This is illustrated in the City of Sydney where the earlier Metro Strategy targets have been incorporated in the LEP and yet State Significant Developments (SSD) or precincts keep being called in to increase employment or residential targets.

REDWatch supports strategic planning if done as laid out in the White Paper but is of the view that political will is needed to resist the approaches for quick fixes from the development industry that seem to have hijacked the planning system.  The New Planning System should not seek to satisfy the requirements of one group at the expense of society as a whole. It must balance carefully social, environment and economic needs for the wellbeing of all.

If strategic planning is to be accepted by the community then it needs to deliver certainty to local communities and this is not provided if developers can easily circumvent what is shown in these plans.

Undermining Strategic Planning & Community Participation

REDWatch is concerned that the New Planning System contains many ways for strategic planning to be over ruled or undermined. As it stands it does not provide certainty for communities.

If communities are to be expected to be involved in strategic planning to gain certainty of what will happen in their community, it is incongruous that the system also builds in a number of manners in which that strategic planning can be circumvented.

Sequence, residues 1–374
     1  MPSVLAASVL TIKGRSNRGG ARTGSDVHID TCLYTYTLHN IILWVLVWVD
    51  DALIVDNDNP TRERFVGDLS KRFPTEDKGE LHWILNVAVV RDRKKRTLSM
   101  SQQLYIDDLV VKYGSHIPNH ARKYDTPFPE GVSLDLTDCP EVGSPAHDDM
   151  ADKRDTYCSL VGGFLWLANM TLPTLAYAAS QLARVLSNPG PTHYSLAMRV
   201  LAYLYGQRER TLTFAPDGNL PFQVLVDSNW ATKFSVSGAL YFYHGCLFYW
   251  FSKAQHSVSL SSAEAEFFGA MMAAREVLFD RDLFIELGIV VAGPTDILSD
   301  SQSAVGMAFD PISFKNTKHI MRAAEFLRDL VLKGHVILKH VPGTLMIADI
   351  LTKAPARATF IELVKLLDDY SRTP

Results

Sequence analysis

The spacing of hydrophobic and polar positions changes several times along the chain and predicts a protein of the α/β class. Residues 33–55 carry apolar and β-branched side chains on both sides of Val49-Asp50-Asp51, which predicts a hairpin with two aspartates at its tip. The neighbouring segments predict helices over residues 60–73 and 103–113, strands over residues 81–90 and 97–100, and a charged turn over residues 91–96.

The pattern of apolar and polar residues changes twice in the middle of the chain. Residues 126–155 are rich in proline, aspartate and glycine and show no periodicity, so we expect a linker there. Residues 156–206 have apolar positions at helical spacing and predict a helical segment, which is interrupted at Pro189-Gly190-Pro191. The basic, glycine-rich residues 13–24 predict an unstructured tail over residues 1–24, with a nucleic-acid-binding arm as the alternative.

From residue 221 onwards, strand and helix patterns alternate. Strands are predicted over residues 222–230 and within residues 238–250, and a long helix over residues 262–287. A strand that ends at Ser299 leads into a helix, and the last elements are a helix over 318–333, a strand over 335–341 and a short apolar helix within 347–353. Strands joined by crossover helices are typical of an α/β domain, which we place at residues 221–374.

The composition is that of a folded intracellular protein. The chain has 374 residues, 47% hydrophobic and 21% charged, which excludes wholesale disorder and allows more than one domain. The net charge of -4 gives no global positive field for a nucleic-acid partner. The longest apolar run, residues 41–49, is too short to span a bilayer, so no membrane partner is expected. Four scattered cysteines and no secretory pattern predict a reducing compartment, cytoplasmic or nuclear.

The broad and unrestrained powers of the Minister to amend Strategic Plans (including Local Plans) without community consultation or community access to judicial review rights must be curtailed.  As they stand, these powers can render community consultation meaningless as everything agreed to by the community can be subsequently amended and changed by the Minister. There needs to be a provision in the Planning Bill which states that the Minister cannot amend Strategic Plans without further community consultation, including the public exhibition of any proposed amendments, the publication of all submissions received and the publication of the reasons behind the Minister’s proposed amendments and ultimate decision.